Try starting on different days.  If you are doing a lengthy trip spanning many miles over many days, consider staggering when people in your group start.  For example, when I hiked the John Muir Trail, I managed to obtain a permit for one person starting at the proper beginning of the trail in Yosemite Valley.  My two hiking partners got a permit for two starting four days later in Tuolumne Meadows.  Sure, they missed the first 20-something miles of a 220 mile trip, but it’s better than nothing!  If they had managed to get a permit for the proper start, but four days after me, we could still have made it work if I had done very few miles the first few days until they could catch up with me.  Or I could have taken a couple of “zero days” (days where you don’t hike at all).  In other words, there are ways to make it work…sometimes,

Generally speaking, you’ll want to start looking at the permit processes for the places you are interested in a year in advance.  Then you’ll know what you need to do and when.  Put important dates on your calendar so you don’t forget!  Be sure to read all the fine print of how to apply for a permit.  Email the permit or fax it? Important to know as some parks will only accept one or the other.  Some parks will let you send your permit request in starting at 5pm the day before you are actually looking to obtain the permit.  They close at 5pm, so they don’t mind if the fax machine starts spitting out applications to be processed the next day at that point

God never made an ugly landscape.  All the sun shines on is beautiful, so long as it is wild. – Atlantic Monthly, January 1869

Next Up: Permits, Part 2 – See How I Just Secured One

 

 

 

Trail Runners and Day Hikers and Boots, Oh My!

Talking about hiking footwear can be exhausting.  Trying to find the right shoes for you and your trip can be downright frustrating.  But it’s probably the most critical piece of equipment and can make or break your hike. Get it right and your tootsies will thank you after putting in some grueling miles over rough terrain.

lounging
Still in my comfy shoes after a long day of hiking in the Sierra Nevada mountains.

You’ll find a ton of advice suggesting you should wear trail runners on your backpacking trip.  You’ll find an equal number of experts saying you should wear hiking boots.  Others suggest day hikers. Still others suggest barefoot hiking!  You can read as many articles and listen to as many experts as you like, but the bottom line is: you simply won’t know what’s right for you until you start trying out the options.  And don’t think, for one second, that whatever you hike in normally is guaranteed to work.  It quite possibly won’t once you factor in many miles over a period of days AND a heavy pack.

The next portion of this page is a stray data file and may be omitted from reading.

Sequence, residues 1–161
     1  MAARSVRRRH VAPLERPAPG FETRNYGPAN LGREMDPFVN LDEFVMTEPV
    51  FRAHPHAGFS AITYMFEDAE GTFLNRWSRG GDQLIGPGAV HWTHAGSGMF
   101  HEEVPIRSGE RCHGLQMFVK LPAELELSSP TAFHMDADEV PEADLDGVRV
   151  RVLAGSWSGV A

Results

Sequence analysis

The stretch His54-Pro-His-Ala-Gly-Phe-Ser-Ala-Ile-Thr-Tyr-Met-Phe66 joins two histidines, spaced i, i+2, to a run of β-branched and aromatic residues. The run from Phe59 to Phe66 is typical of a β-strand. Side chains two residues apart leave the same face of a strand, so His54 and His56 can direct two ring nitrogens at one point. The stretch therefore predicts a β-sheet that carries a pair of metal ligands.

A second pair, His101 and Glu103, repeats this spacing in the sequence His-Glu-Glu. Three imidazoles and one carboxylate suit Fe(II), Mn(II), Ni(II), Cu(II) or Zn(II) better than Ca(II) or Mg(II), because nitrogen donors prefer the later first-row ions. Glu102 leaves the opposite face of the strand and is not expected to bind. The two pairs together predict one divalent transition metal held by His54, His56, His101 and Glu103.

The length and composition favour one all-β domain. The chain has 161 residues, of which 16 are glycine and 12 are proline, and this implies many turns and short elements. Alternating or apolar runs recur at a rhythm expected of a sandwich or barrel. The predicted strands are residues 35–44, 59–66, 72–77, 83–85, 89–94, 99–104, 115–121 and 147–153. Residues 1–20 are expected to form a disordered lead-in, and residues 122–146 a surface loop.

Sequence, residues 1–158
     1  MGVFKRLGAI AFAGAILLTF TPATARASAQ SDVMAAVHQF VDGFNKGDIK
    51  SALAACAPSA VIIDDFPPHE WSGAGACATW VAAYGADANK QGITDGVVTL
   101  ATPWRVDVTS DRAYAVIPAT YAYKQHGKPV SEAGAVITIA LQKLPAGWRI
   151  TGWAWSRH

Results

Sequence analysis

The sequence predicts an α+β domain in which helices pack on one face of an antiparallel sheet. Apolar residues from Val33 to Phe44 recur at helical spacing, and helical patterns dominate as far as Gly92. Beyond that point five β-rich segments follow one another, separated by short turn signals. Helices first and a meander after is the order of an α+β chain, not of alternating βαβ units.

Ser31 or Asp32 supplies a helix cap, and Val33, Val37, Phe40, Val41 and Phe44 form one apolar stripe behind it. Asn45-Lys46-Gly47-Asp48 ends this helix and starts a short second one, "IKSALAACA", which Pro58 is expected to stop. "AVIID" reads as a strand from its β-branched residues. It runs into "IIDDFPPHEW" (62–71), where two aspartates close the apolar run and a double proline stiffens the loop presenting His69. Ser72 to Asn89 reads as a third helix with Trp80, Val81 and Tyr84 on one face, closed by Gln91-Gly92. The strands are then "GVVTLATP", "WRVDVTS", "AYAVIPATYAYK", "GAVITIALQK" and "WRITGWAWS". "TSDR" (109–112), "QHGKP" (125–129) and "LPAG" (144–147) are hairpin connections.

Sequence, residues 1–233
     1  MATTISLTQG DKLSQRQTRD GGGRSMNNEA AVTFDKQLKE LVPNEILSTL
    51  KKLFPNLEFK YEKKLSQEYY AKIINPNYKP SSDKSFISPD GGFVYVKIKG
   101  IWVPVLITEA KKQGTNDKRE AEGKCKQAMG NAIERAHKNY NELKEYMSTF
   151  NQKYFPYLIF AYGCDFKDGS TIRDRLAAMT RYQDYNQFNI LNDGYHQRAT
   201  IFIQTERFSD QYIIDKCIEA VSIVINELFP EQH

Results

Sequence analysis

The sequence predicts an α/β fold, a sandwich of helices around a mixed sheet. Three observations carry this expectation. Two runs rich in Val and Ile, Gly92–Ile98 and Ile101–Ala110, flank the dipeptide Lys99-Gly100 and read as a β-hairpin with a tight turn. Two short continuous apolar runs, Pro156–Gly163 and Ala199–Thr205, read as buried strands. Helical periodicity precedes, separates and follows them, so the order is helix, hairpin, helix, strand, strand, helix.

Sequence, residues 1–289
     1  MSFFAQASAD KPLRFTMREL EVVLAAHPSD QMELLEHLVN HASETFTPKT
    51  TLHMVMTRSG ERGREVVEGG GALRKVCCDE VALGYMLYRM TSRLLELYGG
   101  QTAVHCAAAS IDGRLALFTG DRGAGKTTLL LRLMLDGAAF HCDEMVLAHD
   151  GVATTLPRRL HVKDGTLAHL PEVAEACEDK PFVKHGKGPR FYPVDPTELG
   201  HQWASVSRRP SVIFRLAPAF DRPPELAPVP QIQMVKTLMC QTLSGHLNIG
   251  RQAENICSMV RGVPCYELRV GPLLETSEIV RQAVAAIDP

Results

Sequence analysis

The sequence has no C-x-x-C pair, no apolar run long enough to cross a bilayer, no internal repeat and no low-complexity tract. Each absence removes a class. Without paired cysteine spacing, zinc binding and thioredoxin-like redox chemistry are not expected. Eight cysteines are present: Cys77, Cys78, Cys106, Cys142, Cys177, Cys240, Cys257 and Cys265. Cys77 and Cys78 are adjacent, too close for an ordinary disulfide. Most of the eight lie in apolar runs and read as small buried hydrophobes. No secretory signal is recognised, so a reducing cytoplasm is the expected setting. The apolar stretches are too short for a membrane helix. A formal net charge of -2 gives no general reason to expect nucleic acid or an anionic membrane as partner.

Let my story be the perfect example.

I wanted to backpack in trail runners.  That’s what I hike in and they are comfy.  I had read so much about the joys of backpacking in trail runners.  I even researched the most popular trail runners amongst successful Pacific Crest Trail thru-hikers the previous year. I ended up with a pair of trail runners that came highly recommended by one of my favorite gear review sites (outsidegearlab.com).

The next weekend, I packed my backpack with 25 lbs of gear and out I went.  And within six miles, I knew the shoes were going to be terrible.  The bottoms of my feet were so sore from a lack of cushion and support whilst carrying weight.  I promptly returned them.  From there, I tried a pair of day hikers that offered more support and rigidity.  But with a heavy pack, I still felt like my feet were too sore by the end of a long hike.  Returned.

A lovely sales person at REI suggested I get real hiking boots.  She said what I needed was to NOT feel the trail beneath my feet.  I needed shanks and lugs and support.  And I did, indeed, love those boots.  Sure they felt kinda heavy compared to the trail runners and day hikers, but that was a small price to pay for happy feet at the end of the day.

But then I began to developed a heat rash of some kind around my upper ankles every time I hiked, where the top of the boots touched my legs.  No amount of creams, lotions or spiritual tonics stopped it from happening.  So I returned those, too.

sandal-hike
Hiking in sandals due to an ankle rash in Henry Coe State Park